Brief abstracts of conference sessions will be listed here once the final program has been confirmed.
Title: Digital Justice: incorporating technology into legal education
Lead Presenter: McFaul, Hugh
Session Abstract: HARNESSING TECHNOLOGY FOR JUSTICE EDUCATION [This is a combination of Sessions 20-21: Digital Justice and Coaching Community Connection On-Line, with Ann Juergens (US), Hugh McFaul and Francine Ryan (UK)] Technological innovation is changing the way in which legal services are delivered and is opening new possibilities for citizens to engage with the justice system. This interactive 90 minute workshop will explore how technologies can be adapted for the purpose of justice education and community empowerment. To inform the discussion, we will report on two novel and complementary technology projects that have been piloted in the UK and USA. Project 1 Digital Justice The Open University Law School’s Open Justice Centre has experimented with student-led development of smartphone apps for the purposes of justice education. This session will report on a small-scale empirical study of an interdisciplinary project where law students worked with computing experts on the design of smartphone apps to provide information and guidance to the public. The project was designed to engage students with the realities of professional legal practice in the information age by exploring how their academic legal knowledge and skills can be put to practical use by making the innovative application of technology. Project 2 Housing Justice Chat Bots The ability to connect with a community and assist in its justice challenges is a competency every law student should acquire. At Mitchell Hamline Law School, two professors coached students enrolled in our on-line program (the first fully accredited on-line law program in the U.S.) to engage in housing justice issues in their disparate towns and communities across the country. Our pathway for that engagement was the collaboration of each student with a housing justice organization in their own locale, and then the building of a small chatbot for each organization. The chatbots gave relevant legal information in interactive format suitable for posting on the organizations’ websites. One of our various teaching goals was to identify key issues for taming artificial intelligence, e.g., chatbots, so that it can assist—rather than take over—justice education. The majority of this combined session will involve participants working collaboratively to develop principles that can inform the development of effective technology-enhanced justice interventions. It is hoped that this will spark new ideas and future collaborations.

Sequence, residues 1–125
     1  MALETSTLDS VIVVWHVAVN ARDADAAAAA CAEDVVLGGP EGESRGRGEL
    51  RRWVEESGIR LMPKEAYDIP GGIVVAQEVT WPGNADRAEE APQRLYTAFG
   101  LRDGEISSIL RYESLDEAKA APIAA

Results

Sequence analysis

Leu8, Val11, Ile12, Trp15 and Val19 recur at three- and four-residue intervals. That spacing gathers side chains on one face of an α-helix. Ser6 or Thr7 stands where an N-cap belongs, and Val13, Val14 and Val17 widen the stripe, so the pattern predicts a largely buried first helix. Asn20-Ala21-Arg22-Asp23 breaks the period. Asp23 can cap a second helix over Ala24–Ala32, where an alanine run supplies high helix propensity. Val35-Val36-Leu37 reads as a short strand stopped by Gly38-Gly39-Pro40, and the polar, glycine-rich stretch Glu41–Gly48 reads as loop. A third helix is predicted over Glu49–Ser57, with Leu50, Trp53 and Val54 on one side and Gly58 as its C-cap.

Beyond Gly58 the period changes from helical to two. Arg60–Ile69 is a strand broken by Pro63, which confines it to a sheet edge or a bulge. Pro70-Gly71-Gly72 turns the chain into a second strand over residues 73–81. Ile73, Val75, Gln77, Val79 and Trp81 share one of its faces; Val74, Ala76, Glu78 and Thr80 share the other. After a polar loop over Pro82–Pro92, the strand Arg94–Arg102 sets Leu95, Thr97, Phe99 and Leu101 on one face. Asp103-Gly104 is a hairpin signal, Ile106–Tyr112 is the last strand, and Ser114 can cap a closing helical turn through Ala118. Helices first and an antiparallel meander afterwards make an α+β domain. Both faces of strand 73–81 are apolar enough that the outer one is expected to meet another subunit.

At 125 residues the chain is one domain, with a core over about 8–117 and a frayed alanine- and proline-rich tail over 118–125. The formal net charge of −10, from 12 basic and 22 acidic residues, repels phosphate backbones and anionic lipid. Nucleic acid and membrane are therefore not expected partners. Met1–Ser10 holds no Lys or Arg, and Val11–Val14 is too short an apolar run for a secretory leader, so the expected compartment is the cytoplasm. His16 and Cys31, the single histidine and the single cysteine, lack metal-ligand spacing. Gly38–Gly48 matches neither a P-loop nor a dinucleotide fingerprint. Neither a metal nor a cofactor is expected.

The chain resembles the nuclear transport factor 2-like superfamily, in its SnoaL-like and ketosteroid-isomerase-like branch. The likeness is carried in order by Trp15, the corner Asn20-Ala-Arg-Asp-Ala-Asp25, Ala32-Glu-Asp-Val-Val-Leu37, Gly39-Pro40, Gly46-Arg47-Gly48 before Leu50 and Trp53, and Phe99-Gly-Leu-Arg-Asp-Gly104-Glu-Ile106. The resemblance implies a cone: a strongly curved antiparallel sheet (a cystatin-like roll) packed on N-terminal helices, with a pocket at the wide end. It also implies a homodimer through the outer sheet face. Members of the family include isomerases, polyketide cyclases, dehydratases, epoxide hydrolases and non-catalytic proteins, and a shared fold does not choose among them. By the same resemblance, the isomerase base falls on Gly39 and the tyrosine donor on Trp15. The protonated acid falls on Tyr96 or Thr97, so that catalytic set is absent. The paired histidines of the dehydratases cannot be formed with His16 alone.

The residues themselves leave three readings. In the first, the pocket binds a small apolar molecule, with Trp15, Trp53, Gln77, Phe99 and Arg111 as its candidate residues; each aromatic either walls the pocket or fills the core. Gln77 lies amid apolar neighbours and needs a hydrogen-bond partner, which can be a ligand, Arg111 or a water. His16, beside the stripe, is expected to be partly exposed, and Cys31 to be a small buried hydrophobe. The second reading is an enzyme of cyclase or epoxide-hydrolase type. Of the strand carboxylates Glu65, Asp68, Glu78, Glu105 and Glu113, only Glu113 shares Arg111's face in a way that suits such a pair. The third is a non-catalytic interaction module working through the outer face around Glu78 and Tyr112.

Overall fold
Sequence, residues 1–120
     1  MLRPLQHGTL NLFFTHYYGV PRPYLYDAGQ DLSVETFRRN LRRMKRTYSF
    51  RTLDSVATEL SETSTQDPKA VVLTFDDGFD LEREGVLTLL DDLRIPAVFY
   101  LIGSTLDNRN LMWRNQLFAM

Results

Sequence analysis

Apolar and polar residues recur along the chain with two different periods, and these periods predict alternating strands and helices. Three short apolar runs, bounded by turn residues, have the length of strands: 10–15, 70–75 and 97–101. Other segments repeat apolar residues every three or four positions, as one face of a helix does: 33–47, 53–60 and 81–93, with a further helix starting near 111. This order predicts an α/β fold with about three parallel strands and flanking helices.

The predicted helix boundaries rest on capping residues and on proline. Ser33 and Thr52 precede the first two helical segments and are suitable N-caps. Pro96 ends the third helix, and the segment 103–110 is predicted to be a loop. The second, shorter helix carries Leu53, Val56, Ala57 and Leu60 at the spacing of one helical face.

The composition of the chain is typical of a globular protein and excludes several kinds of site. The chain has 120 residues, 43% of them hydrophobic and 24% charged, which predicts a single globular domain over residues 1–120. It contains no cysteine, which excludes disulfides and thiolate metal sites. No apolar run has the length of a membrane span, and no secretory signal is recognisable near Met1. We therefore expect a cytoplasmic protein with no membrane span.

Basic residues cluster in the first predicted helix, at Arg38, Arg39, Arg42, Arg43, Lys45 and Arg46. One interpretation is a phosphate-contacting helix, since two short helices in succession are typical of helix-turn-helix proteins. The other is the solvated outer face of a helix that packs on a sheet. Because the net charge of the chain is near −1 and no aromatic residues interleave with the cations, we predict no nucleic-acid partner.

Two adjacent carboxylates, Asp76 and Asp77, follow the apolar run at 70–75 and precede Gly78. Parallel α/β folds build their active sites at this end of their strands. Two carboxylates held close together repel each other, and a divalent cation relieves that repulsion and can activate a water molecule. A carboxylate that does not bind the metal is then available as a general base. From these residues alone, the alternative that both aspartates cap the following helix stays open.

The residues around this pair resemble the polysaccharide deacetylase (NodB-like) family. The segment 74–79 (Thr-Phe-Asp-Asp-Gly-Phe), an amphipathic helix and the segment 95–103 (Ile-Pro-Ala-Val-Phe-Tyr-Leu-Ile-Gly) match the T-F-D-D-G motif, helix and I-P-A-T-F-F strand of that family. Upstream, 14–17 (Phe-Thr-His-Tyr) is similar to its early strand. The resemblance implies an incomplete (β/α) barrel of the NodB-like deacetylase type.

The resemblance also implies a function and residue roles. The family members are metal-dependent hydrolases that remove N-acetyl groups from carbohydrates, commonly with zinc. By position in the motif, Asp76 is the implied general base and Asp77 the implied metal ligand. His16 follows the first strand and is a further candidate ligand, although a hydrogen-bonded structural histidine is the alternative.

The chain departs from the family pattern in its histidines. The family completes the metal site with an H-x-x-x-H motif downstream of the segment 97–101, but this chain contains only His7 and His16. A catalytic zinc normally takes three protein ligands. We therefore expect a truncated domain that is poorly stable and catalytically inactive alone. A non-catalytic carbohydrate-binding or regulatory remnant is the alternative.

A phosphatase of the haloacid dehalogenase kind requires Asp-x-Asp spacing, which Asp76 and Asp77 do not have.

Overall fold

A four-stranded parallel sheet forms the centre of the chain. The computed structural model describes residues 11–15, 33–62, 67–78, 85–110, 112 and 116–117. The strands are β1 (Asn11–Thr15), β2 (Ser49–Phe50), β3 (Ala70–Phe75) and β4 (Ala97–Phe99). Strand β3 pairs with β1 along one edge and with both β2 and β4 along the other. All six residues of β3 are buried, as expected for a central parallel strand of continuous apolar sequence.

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See full list of abstracts here.